Ads for the first pizzas, then, might have featured the jingle “The toxic treat that beggars eat.” Yelp reviews like this one, penned by none other than Carol Collodi, the author of Pinocchio, didn’t help:
Pizza looks like a patchwork of greasy filth that harmonizes perfectly with the appearance of the person selling it.Carol Collodi
“Pizza is made from a dense dough that does not cook, and is loaded with almost raw tomato, garlic, pepper, and oregano … (The pizza maker) cuts them into so many slices worth one soldo each, and gives them to a boy who goes off to sell them from a portable table at some street corner.
“The boy will stay there almost all day, while his pizza slices freeze in the cold or turn yellow in the sun as the flies eat them … The black of the toasted bread, the sickly white of the garlic and anchovy, the greeny-yellow of the oil and fried greens, and the bits of red here and there from the tomato — they make pizza look like a patchwork of greasy filth that harmonizes perfectly with the appearance of the person selling it.”
Given this pitiful pedigree, how did pizza evolve into a delicacy made with heirloom tomatoes, truffle oil, and cruelty-free pepperoni? According to the Italians, the shift in this humble pie’s reputation came about thanks to the King of Savoy, the Queen of Clean, and the world’s first pizza buffet.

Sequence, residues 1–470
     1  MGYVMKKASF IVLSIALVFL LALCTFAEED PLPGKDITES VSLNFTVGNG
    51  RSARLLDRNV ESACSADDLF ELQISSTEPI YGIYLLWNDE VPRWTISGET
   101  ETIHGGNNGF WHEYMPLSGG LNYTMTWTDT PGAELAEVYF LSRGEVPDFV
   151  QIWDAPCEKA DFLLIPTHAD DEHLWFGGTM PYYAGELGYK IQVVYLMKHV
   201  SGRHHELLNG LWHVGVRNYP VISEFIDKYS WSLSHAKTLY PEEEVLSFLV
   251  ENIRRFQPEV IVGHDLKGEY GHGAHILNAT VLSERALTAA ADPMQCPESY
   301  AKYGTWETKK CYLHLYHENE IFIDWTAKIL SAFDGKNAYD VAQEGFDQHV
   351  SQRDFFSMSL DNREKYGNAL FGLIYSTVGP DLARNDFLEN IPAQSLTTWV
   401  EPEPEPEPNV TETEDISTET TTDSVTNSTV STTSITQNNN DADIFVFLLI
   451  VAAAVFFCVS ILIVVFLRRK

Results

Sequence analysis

3. A Questionable Claim to Fame
In Naples, the Pizzeria Brandi displays an 1889 letter from the royal “Inspection Office of the Mouth” (seriously!), confirming the Queen of Italy praised the excellence of the restaurant’s pizzas. Tour guides cite the letter when pinpointing Naples as the birthplace of the modern pizza. Their stories vary, but have three things in common:
- Umberto of Savoy, king of Italy, summons Raffaele Esposito, the most famous pizzolio in Naples, to prepare his very best pies for the queen.
- Of the three pies Raffaele creates, Queen Margherita declares the one with tomatoes, cheese, and basil her favorite, as these ingredients embody the red, white, and green of the Italian flag.
- Raffaele names this pie the “margherita pizza” in honor of the queen.
The letter looks very official. And history confirms Queen Margherita visited Naples in 1889. But the facts cited by this origin story have been pounded, kneaded, and stretched a bit.